New York State Bar Association Launches Task Force To Protect Voting Rights and Democratic Institutions
With over two dozen states making it more difficult for voters to cast a ballot and some states installing partisans with the authority to overturn election results, the New York State Bar Association (NYSBA) is launching a blue-ribbon Task Force on Voting Rights and Democracy to make recommendations and provide expert analysis to lawyers, policymakers, legislators, and journalists on how to safeguard the very foundation of this country’s democracy.
The task force, chaired by veteran election lawyer Jerry H. Goldfeder, special counsel at Stroock, Stroock & Lavan, will review voting laws across the United States and make recommendations for reform. The panel will pay particular attention to those who have the most trouble exercising this right, including people of color, residents of urban areas, disabled individuals, those with limited access to transportation, and workers who hold more than one job.
“The right to vote is fundamental and establishes a benchmark for public participation; it must be protected and preserved,” said T. Andrew Brown, who made the issue one of his top priorities when he took over as NYSBA president June 1. “This hallmark of our democracy is under siege, particularly for disenfranchised individuals whose interests are already underrepresented and whose voices are too often silenced. We cannot sit idly by while this occurs and must ensure we’re doing everything possible to deliver on the promise of free and fair elections.”
“We have assembled an impressive panel of highly regarded legal scholars and voting rights advocates,” Goldfeder said. “We will tap into their collective expertise to analyze the issues before us and help policymakers, the legal profession, and the public combat the restrictive laws that are being adopted or are under consideration in many states.”
The members of the task force are:
Jerry H. Goldfeder is special counsel at Stroock & Stroock & Lavan, specializing in election and campaign finance law, public integrity investigations, and regulatory compliance. Prior to joining Stroock, he served as special counsel for public integrity to former New York State Attorney General Andrew M. Cuomo. He is a special adviser to the Standing Committee on Election Law of the American Bar Association and has served as chair of the Election Law Committee of the New York City Bar Association. He chaired NYSBA’s 2020 Task Force on the Presidential Election. Since 2003, he has taught Election Law at Fordham Law School, where he was voted Adjunct Professor of the Year in 2015 and 2019.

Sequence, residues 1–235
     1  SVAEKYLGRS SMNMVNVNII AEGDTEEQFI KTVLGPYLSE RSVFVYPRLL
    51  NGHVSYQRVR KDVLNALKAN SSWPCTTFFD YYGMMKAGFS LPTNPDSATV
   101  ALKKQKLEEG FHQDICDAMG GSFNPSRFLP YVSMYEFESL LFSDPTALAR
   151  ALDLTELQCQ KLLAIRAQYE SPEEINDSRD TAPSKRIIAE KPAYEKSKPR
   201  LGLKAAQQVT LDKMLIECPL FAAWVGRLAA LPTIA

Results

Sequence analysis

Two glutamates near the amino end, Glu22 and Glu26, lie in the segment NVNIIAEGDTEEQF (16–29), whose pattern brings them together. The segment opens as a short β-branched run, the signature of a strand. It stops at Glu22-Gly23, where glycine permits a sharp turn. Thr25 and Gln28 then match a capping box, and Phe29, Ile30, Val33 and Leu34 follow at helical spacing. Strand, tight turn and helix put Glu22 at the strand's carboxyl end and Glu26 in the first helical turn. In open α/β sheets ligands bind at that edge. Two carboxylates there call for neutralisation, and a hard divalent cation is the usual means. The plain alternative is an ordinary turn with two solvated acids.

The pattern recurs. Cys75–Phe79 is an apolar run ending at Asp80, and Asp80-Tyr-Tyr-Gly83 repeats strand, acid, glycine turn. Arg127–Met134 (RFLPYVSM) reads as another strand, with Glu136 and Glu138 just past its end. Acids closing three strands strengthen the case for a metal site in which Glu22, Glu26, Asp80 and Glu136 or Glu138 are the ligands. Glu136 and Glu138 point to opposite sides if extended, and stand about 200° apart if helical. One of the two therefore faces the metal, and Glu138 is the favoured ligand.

Kwame Akosah is a senior counsel in the New York City Law Department’s Legal Counsel Division where he advises the Mayor’s Office and city agencies on public policy initiatives, regulatory agendas, local, state, and federal legislation, including drafting and reviewing proposed legislation, regulations, executive orders, and memoranda. Prior to joining the city, Akosah worked at the Brennan Center for Justice at NYU School of Law where he served as an Equal Justice Works Fellow in the Voting Rights and Elections Program. He authored and contributed to Brennan Center publications, including reports, analyses, and testimony, and engaged in statewide legislative advocacy campaigns to pass voting reforms. Akosah received his J.D. from Fordham University School of Law.
Ava Ayers is an associate professor of law and former director of the Government Law Center at Albany Law School. She teaches classes in administrative law, law of government, and professional responsibility.
Wilfred Codrington III is a constitutional law scholar who focuses on constitutional reform, election law, and voting rights. He is an assistant professor of law at Brooklyn Law School and is a fellow at the Brennan Center for Justice at NYU School of Law. The co-author of “The People’s Constitution: 200 Years, 27 Amendments, and the Promise of a More Perfect Union” (The New Press 2021), his work has been featured in the NYU Law Review, Columbia Law Review Forum, The Atlantic, Slate, The American Prospect, and The Hill, among other publications. He was recently a member of the New York State Bar Association’s 2020 Task Force on the Presidential Election.